…talking about digital inclusion that is. Well, that’s how it’s felt after celebrating some important milestones over the past week.
In my last post I talked about the Digital Leaders Annual Lecture and following on from that I wrote a post for the Digital Leaders blog – which just so happened to coincide with the Digital Democracy debate at the House of Commons, led by Meg Hillier MP. It was also the first time the public (me included!) could use electronic devices during an MPs debate.
Fast forward a few days and it was back to Westminster, this time at the House of Lords, for a big day for the Tinder Foundation team. For the past six months we’ve been working with Vodafone UK and 17 UK online centres to research how mobile technology can contribute towards bridging that digital gap. The results of the project have formed a new report, “Mobile: Helping To Close The Digital Divide?”
I must admit (it’s something I talked about on Tuesday) when we first started working with Vodafone I was feeling pretty fed up of attending events to hear people saying that everything (digitally-speaking) was fine because “all the old people will die soon and everyone left already owns a mobile”. And I was definitely fed up of replying (or often shouting) that they were wrong.
But the project with Vodafone has reignited my enthusiasm for mobile as there have been some really great results.
We thought the people taking part would find using a mobile more intuitive (and they did) – which has had a huge impact. But the health and wellbeing impacts, and the impacts for people with caring responsibilities – were a real ‘bonus’ finding. The below is only a taster; I hope you can have a read of the findings in full here. Let me know what you think by using the hashtag #digitalmobile:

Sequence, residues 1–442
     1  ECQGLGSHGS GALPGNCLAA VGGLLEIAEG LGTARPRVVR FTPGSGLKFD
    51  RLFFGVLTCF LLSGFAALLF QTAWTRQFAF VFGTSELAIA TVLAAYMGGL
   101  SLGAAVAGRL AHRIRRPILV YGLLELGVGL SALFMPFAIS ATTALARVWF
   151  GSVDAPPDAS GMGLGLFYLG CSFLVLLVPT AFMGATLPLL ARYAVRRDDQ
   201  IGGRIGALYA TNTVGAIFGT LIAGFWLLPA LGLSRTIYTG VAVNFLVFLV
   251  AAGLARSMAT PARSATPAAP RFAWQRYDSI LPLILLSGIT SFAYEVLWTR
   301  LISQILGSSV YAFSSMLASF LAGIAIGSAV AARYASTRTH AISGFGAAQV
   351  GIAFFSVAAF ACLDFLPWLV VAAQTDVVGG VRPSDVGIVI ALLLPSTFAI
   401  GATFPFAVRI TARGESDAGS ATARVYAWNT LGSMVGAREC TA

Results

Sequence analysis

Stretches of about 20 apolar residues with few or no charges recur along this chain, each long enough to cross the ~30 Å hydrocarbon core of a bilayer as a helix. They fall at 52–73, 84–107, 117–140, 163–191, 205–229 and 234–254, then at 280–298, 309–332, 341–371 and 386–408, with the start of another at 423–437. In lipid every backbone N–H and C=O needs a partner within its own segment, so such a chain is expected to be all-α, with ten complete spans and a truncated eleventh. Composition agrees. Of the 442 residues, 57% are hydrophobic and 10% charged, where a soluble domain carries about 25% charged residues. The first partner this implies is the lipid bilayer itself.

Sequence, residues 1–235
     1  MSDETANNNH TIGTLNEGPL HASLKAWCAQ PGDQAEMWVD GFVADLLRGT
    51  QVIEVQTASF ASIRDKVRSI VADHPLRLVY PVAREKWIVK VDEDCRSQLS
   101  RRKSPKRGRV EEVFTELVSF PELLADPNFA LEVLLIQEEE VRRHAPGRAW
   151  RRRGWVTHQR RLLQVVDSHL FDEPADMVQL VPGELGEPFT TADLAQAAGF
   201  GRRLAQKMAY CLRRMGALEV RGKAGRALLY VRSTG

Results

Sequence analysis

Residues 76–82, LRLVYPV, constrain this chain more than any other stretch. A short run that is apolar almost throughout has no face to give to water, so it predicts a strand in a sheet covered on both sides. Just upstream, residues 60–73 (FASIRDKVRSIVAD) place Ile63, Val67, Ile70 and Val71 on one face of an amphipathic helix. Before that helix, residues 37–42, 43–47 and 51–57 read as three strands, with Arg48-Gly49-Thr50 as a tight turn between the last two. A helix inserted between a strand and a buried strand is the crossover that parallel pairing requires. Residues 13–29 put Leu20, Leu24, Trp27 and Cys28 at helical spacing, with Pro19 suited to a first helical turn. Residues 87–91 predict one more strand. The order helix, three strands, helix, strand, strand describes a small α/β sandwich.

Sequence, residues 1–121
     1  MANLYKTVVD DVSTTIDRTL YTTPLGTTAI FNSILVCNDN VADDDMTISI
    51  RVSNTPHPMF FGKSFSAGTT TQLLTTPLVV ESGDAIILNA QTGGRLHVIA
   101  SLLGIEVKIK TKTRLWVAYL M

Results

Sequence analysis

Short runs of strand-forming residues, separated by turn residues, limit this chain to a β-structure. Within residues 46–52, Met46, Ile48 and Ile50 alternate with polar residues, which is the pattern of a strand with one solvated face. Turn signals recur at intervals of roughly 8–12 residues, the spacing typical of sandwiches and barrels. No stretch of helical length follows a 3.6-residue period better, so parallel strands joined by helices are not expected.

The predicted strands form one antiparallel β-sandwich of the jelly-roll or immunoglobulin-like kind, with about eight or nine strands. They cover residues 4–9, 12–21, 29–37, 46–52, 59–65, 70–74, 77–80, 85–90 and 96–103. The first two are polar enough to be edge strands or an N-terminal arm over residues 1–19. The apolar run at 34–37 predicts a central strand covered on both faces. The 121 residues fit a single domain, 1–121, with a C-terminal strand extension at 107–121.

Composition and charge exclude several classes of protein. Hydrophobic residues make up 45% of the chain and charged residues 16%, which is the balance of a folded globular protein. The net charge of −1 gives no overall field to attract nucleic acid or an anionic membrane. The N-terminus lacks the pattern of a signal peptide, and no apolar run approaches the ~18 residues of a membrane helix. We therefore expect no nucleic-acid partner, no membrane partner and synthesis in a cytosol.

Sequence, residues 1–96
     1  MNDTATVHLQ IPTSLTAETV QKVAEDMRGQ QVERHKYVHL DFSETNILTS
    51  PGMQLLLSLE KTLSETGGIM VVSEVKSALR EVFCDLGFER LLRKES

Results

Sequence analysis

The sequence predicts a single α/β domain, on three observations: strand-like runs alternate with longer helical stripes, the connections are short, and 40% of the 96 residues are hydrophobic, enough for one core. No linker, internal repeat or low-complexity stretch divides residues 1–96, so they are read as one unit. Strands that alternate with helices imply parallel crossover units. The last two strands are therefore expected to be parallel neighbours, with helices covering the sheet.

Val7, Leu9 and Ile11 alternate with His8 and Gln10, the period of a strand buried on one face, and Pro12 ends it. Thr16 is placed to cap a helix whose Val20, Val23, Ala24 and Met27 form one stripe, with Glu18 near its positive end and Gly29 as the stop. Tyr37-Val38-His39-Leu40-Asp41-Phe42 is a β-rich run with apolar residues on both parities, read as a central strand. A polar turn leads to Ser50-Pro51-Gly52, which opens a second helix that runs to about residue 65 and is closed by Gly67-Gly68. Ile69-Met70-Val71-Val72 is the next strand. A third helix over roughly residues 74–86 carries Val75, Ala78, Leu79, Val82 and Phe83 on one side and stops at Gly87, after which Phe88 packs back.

- 55% not only learnt in the UK online centre with the help of the brilliant staff there, but they also carried on learning and enjoying their mobile device at home (and 45% didn’t learn independently)
- 88% improved their digital skills, with their motivations for using the internet also changing dramatically
- 65% reported improvements to confidence and self-esteem.
- Overcoming loneliness and isolation was a big gain, with 67% saying they had better and more frequent communication with friends and family.
And finally, on Wednesday we celebrated another important milestone in our Widening Digital Participation work with the NHS, where I was joined by Dr Ollie Hart. Ollie is a GP from Sloan Medical Centre in Sheffield and together with local partners in Sheffield he has been integral in referring his patients to the UK online centres “digital surgery”, run by the Heeley Development Trust.
I’ll be blogging more about the Widening Digital Participation programme soon, but in the meantime take a look at http://nhs.tinderfoundation.org/.
We’re also holding a great Tweetchat next Thursday to find out what GPs, CCGs and other health practitioners think of the Widening Digital Participation programme. You can find out more here, and so do join in if you’re interested using the hashtag #NHSWDP – we hope to see you there!